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Reape v. City of New York

SUPREME COURT OF THE STATE OF NEW YORK APPELLATE DIVISION SECOND JUDICIAL DEPARTMENT


October 13, 2009

HAROLD REAPE, RESPONDENT,
v.
CITY OF NEW YORK, ET AL., APPELLANTS.

In an action, inter alia, to recover damages for false arrest and malicious prosecution, the defendants appeal, as limited by their brief, from so much of an order of the Supreme Court, Kings County (Rothenberg, J.), dated September 10, 2008, as denied their cross motion for summary judgment dismissing the cause of action to recover damages for malicious prosecution.

Published by New York State Law Reporting Bureau pursuant to Judiciary Law § 431.

This opinion is uncorrected and subject to revision before publication in the Official Reports.

REINALDO E. RIVERA, J.P., ANITA R. FLORIO, HOWARD MILLER LEONARD B. AUSTIN, JJ.

(Index No. 31802/07)

DECISION & ORDER

ORDERED that the order is reversed insofar as appealed from, on the law, with costs, and the defendants' cross motion for summary judgment dismissing the cause of action to recover damages for malicious prosecution is granted.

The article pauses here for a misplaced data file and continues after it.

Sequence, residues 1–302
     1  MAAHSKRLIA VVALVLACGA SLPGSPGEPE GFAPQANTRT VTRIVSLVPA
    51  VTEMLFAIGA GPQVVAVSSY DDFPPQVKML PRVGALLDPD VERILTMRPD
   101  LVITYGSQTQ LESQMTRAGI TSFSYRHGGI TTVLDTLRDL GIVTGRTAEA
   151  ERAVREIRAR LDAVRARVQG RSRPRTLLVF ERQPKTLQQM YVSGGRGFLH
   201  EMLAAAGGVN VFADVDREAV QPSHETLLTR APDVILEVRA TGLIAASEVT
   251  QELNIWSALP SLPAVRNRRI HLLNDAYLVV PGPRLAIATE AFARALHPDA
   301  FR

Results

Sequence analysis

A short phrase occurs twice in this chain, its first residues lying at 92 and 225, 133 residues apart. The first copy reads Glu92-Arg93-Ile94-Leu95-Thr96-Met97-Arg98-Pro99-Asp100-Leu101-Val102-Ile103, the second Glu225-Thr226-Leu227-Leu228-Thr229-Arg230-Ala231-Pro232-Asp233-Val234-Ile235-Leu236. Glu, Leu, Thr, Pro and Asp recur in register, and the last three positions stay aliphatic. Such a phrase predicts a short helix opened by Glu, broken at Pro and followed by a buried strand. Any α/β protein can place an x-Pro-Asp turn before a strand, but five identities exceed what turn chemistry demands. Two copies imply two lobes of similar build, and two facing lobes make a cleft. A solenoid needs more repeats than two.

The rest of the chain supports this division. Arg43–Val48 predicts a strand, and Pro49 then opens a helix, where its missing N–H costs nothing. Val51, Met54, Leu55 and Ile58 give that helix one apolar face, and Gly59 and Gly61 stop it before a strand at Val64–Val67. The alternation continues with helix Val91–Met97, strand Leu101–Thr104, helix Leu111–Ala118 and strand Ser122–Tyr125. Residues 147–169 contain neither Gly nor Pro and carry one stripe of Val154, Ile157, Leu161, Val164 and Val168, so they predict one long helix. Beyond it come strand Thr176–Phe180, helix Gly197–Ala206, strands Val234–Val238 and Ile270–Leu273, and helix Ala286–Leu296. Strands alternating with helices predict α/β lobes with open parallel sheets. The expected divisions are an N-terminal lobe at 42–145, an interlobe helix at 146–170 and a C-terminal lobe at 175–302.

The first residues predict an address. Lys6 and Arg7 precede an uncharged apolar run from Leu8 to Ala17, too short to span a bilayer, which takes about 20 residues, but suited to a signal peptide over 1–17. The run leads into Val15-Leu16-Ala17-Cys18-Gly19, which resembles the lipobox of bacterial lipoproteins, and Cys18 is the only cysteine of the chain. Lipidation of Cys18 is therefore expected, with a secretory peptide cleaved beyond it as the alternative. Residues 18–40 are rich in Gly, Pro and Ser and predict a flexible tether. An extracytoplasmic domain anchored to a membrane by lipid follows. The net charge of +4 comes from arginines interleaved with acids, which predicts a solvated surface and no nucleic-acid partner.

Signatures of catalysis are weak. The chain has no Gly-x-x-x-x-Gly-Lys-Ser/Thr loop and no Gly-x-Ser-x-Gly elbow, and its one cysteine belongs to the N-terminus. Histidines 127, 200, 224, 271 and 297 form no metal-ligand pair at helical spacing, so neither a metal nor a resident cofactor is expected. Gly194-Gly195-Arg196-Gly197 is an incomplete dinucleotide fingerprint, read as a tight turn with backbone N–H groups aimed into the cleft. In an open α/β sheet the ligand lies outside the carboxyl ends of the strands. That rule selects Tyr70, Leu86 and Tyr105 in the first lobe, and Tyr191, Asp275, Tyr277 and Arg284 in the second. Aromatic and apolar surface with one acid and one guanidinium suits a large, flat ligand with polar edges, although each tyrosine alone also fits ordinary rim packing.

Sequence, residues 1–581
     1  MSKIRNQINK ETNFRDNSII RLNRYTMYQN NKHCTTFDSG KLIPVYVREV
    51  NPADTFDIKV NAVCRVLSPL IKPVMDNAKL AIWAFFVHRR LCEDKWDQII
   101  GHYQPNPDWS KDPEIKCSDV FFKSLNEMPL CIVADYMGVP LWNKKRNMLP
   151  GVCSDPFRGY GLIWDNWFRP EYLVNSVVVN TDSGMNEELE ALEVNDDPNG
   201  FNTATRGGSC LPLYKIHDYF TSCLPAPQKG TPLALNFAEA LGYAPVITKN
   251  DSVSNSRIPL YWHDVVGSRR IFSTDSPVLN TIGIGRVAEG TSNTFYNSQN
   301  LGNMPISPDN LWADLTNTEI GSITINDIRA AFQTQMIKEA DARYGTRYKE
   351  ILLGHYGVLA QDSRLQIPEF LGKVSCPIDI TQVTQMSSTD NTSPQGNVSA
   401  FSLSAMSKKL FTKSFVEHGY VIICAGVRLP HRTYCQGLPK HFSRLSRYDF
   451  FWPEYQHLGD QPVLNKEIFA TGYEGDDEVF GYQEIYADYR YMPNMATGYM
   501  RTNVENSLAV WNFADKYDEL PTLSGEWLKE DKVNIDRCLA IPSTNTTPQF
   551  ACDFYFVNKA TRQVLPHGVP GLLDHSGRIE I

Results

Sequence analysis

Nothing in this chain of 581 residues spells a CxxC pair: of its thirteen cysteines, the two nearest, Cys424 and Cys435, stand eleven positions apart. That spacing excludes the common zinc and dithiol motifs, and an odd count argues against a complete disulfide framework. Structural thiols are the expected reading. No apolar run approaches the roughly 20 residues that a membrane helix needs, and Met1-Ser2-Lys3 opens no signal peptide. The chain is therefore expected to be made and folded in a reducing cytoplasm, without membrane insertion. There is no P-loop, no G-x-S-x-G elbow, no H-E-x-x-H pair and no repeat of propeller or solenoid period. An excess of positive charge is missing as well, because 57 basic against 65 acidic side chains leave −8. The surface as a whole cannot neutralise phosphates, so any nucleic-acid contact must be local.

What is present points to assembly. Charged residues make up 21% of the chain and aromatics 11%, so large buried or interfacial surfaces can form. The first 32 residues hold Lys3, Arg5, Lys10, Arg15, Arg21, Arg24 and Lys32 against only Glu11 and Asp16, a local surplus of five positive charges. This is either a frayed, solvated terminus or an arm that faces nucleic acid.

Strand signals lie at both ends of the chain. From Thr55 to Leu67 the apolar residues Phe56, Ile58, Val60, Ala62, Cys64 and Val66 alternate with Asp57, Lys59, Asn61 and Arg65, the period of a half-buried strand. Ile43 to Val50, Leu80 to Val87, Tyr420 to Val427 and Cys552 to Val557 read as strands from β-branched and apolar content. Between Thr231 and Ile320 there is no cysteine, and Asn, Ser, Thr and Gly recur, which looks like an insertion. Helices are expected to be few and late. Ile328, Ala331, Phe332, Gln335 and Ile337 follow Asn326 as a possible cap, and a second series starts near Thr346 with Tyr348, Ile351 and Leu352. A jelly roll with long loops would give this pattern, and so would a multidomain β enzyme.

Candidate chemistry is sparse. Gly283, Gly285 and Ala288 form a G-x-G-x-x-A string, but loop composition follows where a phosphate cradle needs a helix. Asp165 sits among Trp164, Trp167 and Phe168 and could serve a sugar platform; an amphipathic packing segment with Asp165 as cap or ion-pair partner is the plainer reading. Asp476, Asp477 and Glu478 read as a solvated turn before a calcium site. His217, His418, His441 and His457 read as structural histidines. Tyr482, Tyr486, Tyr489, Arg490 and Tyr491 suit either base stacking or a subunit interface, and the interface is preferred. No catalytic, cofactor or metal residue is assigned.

The plaintiff commenced this action to recover damages for false arrest and malicious prosecution. The causes of action to recover damages for false arrest previously were dismissed by the Supreme Court and are not at issue on this appeal. With respect to the malicious prosecution cause of action, a plaintiff cannot prevail on such a claim if the police officers had probable cause to believe that the plaintiff committed the underlying crime (see Wasilewicz v Village of Monroe Police Dept., 3 AD3d 561, 562; Kandekore v Town of Greenburgh, 243 AD2d 610). Indeed, once probable cause for the arrest has been demonstrated, it justifies the ensuing criminal proceeding and thus negates an essential element of a malicious prosecution cause of action (see Fortunato v City of New York, 63 AD3d 880, 881). Probable cause requires only information sufficient to support a reasonable belief that an offense has been committed (see People v Bigelow, 66 NY2d 417, 423). Here, the defendants made a prima facie showing that there was probable cause to arrest the plaintiff (see People v Skyles, 266 AD2d 321; People v Brown, 128 AD2d 886; People v Halberg, 254 AD2d 808; People v Nichols, 156 AD2d 129). In opposition, the plaintiff failed to raise a triable issues of fact.

Accordingly, the defendants were entitled to summary judgment dismissing the cause of action to recover damages for malicious prosecution (see generally Alvarez v Prospect Hosp., 68 NY2d 320).

RIVERA, J.P., FLORIO, MILLER and AUSTIN, JJ., concur.

20091013

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